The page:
“The Wylde Center came in at that point and said, we’ve been doing this type of work in the schools for many years,” said Stephanie Van Parys, Director of the Wylde Center. “We never called it Farm to School – it was called environmental education. … It was in 2009 the school board approved the plan. At that point, it was like now you can officially make the changes you want to make and we support it.”

Some changes started as baby steps, and others happened quickly.

“We had the grab-and-go line, which was like à la carte items – french fries, cookies, ice cream – all the bad things that we love to eat – that was one of the first steps,” Goodman said. “We did away with the à la carte line at the high school and replaced it with fresh to-go – healthier à la carte choices.”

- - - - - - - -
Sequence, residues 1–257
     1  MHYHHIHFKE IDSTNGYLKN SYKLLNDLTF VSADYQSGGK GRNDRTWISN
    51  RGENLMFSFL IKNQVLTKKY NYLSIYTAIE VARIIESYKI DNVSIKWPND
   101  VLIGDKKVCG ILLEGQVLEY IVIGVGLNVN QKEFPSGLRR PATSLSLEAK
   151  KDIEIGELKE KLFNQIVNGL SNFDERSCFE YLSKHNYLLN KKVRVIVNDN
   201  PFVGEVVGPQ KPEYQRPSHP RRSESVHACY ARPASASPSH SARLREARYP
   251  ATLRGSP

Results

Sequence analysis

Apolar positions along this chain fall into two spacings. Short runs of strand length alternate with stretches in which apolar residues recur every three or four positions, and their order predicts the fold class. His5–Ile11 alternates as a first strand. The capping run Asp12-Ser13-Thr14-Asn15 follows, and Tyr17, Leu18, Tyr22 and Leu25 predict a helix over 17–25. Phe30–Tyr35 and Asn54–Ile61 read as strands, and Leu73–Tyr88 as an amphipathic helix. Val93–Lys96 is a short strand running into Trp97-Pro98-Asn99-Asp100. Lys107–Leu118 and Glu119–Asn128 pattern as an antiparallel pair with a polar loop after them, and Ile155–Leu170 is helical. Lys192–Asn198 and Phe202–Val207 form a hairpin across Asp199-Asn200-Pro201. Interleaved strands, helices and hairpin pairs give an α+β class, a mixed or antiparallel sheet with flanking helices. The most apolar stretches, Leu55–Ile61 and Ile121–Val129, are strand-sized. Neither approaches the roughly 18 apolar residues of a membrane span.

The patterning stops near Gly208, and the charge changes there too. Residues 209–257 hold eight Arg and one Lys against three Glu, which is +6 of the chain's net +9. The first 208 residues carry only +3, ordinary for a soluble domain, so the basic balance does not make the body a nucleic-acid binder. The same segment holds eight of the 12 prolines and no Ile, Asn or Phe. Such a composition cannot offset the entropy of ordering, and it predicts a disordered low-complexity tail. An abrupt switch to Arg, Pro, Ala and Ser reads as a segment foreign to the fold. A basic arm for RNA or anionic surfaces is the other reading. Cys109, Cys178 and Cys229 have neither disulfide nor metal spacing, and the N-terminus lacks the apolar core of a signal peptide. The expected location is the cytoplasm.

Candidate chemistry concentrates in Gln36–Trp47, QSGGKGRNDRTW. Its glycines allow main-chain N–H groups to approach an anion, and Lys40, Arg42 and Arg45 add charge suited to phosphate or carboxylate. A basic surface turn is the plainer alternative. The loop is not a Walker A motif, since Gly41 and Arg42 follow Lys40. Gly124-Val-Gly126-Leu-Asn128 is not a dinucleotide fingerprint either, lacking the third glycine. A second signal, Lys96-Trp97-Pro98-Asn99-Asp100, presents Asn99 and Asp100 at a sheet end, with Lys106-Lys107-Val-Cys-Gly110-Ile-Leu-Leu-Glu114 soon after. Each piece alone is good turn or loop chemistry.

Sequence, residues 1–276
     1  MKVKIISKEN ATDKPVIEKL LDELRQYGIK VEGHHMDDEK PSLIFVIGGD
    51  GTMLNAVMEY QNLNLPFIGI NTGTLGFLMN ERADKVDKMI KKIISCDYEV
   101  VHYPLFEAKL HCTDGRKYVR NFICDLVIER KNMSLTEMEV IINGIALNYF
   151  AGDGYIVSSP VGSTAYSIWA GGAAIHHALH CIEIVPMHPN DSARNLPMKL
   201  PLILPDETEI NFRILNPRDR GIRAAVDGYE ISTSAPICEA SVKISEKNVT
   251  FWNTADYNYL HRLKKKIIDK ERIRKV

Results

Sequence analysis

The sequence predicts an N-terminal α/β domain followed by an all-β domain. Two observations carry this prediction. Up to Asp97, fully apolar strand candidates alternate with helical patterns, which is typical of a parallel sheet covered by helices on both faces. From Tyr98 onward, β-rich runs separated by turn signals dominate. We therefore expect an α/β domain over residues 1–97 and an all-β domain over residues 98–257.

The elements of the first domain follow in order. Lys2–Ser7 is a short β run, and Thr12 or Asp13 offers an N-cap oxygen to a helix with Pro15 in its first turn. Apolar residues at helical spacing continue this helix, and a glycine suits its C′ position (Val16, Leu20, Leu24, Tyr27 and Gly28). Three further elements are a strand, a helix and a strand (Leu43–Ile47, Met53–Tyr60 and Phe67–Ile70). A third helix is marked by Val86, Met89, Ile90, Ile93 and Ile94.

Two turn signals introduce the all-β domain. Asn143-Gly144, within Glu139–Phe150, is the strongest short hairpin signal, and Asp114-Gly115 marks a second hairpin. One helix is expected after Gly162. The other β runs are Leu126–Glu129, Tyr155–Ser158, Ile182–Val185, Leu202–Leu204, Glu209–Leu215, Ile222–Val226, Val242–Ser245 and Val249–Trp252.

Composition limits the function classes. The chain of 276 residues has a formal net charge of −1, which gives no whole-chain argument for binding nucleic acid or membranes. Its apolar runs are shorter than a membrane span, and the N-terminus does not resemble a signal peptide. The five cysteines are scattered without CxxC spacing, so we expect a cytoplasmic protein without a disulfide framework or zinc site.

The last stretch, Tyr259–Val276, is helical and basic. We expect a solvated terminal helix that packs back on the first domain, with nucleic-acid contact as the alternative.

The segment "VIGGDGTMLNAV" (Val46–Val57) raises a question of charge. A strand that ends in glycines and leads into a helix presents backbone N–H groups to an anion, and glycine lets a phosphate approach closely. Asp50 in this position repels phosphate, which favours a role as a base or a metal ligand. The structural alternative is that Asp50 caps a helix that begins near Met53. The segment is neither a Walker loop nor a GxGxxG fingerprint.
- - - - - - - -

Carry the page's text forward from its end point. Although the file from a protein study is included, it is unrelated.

At first, the changes were a bit of a shock to students.


“Overnight, the kids come back to school, and they are like, ‘what do you mean no french fries? What do you mean no cookies, no chicken sandwich every day? No pizza?’” Goodman said. “We had really negative responses. It was bad for a while, but they adjusted.”

And it wasn’t just the students who had to adjust. The kitchen staff had to learn to prepare lunches in a whole new way.

“They had never dealt with winter squash before,” Goodman said. “They called me and they said ‘what do we do with this?’”

“I remember we had bok choy,” said Ana Kucelin, CSD Menu and Wellness Specialist. “They had never seen bok choy.”

“They are learning right along with the kids,” Goodman said. “It’s a learning process for all of us.”